Sophia Lev, UC Santa Cruz
Undergraduate art major, Sophia Lev proposed an interactive, collaborative performance and lecture/discussion series. She hosted monthly events on campus to ‘check the temperature’ of a given site as part of an ongoing collaborative performance that creates space for discussion and reflection about the relationships between students, natural space, and this institution. This project physicalizes the distance or closeness between people and land through hyperbolizing a relationship of care in order to prompt discussions about stewardship, neoliberal environmentalism, and the use of nature on the UCSC campus to naturalize authority. “Temperature check” is used in political organizing as a way of gauging how groups of people are feeling. We will be taking the temperature of the earth using long thermometers held with with our mouths. The thermometer and the act of insertion into the earth become an abject extension of the body, and creates create confusion as to whose temperature is being taken. This will be used to acknowledge and hyperbolize the emotionality of the earth through extending a physical barometer of health. It hyperbolizes the sentience of land by treating it with the same regard we treat human bodies. This project embodies and amplifies the connections between physical bodies and earth bodies to think about the physical distance between people and land by exploring reciprocity and the mutual expression and experiences of distress in the context of global climate change.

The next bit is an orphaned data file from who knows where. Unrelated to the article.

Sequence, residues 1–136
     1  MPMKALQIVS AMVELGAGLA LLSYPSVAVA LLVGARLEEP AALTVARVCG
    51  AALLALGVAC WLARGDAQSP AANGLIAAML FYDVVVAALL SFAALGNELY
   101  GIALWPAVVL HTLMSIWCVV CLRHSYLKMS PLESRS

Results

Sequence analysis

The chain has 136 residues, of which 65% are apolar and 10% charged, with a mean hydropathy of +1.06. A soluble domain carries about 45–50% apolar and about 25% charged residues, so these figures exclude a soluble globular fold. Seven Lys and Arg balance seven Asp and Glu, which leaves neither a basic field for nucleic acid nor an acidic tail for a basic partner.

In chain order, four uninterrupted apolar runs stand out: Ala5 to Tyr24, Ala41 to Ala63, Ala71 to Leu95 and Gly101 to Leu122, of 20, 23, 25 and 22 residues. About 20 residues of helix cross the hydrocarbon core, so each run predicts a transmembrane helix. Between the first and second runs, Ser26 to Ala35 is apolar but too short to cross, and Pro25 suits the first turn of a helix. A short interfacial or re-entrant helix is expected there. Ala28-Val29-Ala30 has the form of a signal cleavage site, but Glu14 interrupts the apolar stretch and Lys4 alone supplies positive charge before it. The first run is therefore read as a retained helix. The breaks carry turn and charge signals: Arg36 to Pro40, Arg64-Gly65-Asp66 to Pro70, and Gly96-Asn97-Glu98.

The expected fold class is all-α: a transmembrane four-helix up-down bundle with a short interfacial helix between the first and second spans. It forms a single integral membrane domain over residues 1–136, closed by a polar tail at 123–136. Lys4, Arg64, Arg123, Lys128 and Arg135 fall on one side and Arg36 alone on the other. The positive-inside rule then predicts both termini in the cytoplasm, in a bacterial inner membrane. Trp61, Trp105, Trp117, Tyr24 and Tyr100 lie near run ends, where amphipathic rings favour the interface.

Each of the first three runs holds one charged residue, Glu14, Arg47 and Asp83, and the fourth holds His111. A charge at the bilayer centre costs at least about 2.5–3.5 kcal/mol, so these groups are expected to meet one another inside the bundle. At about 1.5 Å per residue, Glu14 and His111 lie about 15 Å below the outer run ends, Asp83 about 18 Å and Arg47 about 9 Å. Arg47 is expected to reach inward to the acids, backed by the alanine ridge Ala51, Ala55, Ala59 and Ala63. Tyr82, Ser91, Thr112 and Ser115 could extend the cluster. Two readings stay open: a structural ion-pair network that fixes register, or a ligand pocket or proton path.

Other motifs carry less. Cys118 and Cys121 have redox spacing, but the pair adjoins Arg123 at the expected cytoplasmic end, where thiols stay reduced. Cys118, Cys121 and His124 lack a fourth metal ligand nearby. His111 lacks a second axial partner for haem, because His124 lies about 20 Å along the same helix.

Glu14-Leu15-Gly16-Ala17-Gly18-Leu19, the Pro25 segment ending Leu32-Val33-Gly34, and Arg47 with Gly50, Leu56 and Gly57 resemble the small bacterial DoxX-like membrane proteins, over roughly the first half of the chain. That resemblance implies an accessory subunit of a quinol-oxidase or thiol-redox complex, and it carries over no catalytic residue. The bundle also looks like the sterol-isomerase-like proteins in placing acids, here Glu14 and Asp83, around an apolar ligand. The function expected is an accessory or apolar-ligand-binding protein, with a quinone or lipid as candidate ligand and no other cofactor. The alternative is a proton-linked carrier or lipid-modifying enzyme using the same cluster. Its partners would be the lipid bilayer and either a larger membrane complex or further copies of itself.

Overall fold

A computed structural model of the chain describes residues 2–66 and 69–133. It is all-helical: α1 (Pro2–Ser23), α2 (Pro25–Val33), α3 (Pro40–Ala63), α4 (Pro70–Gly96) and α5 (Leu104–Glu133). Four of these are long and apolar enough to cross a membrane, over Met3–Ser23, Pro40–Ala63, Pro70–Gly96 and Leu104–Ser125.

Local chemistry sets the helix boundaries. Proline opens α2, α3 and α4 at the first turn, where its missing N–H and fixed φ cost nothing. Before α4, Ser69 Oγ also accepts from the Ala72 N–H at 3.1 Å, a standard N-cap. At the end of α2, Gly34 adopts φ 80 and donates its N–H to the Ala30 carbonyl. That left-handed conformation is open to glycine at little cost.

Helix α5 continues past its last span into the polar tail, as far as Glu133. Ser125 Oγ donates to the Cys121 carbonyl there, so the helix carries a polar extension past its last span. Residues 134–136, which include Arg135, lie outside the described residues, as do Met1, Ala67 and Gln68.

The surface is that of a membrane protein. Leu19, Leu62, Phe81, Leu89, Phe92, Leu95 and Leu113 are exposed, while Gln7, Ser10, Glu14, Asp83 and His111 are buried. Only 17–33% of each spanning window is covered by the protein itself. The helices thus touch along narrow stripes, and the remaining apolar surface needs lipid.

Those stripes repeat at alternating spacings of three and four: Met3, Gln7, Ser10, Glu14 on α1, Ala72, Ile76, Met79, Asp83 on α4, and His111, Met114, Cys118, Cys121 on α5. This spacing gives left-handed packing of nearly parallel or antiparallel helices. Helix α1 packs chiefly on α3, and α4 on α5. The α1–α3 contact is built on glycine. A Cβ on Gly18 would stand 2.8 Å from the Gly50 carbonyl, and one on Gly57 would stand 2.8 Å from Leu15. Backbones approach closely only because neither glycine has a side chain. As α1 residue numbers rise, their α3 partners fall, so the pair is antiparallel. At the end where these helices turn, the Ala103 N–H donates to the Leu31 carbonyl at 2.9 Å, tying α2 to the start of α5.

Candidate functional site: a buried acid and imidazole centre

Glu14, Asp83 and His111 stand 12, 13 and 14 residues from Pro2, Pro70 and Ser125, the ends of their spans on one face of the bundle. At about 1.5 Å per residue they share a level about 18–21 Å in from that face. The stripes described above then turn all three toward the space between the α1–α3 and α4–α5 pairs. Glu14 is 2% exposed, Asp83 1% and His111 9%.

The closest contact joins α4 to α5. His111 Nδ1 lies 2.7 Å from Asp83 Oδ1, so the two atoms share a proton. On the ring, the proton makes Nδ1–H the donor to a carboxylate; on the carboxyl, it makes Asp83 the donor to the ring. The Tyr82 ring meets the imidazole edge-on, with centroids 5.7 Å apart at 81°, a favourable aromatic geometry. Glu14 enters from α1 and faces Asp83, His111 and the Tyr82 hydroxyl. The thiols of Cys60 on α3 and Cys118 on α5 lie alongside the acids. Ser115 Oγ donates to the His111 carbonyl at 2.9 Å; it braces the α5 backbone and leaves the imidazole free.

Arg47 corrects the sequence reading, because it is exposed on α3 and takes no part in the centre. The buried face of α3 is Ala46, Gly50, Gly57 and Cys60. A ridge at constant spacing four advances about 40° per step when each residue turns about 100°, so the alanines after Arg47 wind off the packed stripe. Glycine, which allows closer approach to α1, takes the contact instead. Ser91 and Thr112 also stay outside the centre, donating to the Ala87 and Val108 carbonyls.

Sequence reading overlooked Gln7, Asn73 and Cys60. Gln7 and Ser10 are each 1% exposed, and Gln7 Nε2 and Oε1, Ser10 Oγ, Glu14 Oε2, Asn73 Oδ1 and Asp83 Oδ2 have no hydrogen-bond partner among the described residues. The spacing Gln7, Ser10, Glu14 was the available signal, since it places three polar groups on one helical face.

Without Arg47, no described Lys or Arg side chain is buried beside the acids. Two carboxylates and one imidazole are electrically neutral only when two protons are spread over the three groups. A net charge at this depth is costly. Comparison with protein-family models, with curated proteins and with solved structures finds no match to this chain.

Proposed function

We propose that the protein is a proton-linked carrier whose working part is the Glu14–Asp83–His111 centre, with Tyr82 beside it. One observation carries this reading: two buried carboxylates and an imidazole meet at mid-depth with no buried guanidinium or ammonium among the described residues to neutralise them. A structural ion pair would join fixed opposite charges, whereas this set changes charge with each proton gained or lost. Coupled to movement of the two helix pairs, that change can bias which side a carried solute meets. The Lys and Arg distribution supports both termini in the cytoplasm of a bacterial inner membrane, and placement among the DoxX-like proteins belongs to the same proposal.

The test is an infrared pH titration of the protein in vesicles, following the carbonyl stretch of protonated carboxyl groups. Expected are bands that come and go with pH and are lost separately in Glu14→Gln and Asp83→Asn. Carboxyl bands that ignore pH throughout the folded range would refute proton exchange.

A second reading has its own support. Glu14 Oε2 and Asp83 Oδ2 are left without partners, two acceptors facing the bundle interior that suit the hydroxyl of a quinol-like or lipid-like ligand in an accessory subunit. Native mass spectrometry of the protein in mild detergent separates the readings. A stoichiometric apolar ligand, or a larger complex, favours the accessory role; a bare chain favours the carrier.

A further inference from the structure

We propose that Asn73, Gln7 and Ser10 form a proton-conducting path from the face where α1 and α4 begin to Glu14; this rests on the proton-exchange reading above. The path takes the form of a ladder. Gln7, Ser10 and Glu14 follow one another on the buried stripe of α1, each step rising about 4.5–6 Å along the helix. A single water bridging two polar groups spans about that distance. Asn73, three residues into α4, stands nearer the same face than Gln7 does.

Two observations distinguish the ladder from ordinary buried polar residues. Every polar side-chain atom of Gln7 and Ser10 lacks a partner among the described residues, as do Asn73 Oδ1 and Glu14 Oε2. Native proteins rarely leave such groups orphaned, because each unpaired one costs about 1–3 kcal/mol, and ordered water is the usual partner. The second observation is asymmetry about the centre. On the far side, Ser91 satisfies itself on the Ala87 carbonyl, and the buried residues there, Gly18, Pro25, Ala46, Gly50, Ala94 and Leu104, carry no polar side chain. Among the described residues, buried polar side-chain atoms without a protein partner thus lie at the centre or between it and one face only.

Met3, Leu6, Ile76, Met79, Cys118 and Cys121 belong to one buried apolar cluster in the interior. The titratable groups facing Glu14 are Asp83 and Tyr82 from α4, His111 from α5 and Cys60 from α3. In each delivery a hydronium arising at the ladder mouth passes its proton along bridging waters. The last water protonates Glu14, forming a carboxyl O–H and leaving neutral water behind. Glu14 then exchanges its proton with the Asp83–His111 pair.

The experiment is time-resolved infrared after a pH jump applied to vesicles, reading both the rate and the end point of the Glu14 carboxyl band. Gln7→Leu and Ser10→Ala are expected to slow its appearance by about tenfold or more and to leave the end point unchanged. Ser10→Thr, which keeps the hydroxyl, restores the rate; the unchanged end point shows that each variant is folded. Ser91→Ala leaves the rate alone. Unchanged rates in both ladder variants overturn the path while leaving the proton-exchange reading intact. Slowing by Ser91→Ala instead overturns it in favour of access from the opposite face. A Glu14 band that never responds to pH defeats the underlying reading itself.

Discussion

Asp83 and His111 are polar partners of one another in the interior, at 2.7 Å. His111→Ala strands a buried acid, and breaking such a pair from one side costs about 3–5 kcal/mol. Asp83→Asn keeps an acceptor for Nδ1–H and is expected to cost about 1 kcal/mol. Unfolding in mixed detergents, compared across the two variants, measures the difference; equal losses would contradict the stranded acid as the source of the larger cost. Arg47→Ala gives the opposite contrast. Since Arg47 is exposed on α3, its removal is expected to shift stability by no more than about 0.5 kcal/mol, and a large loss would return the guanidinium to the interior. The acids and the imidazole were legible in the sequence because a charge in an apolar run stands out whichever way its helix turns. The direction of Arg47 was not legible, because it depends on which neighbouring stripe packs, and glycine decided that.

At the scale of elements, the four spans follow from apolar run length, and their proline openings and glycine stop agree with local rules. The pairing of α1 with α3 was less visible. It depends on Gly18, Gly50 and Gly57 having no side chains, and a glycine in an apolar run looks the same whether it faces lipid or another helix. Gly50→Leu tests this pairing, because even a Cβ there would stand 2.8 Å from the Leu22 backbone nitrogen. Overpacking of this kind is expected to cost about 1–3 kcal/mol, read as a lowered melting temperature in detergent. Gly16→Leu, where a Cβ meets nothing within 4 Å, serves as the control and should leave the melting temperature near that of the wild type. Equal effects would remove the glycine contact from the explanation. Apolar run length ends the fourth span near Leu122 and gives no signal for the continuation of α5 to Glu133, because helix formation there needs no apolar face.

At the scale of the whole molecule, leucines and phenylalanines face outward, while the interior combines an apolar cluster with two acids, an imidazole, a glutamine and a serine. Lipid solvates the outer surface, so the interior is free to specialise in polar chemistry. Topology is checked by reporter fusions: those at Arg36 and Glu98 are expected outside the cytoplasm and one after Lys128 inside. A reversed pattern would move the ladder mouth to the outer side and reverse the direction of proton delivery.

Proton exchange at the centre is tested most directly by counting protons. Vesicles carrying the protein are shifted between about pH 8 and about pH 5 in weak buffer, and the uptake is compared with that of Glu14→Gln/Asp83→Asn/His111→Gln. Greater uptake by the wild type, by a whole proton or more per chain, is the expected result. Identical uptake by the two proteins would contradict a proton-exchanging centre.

The metaphor of a temperature check is a ripe one to employ when thinking about land spaces and sites as sentient agents with political stakes that are intrinsically implicated in student and community members lives and emotional/physical health. This project comes out of a direct experience and observation of UCSC and Santa Cruz city as spaces that offer a liberal, ‘green’ image ripe with metaphors of questioning authority, counter culture, and dissent, yet the lived experiences of students reflect a vastly different relationship with both land and authority. Though situated amongst a ‘natural’ landscape, the estrangement of student life from the city creates a chasm in community and belonging. This project attempts to make space for students, professors, community members, artists, organizers to not only have conversations about their experiences and relationships to land on this campus. This will be mediated through Temperature Checking. She will be hosting a Temperature Check each month at a different site. For example, we might check the temperature of one of the sinkholes on campus, host a lecture by a geology professor, and facilitate a conversation about the implications of sinkholes in threatening the omnipresence of UCSC. Projects that confront the authority of the UC are often stifled, suppressed, and undermined. If the UC claims to be a counter-culture institution, it must actually support and uphold projects that offer a critique of power and authority.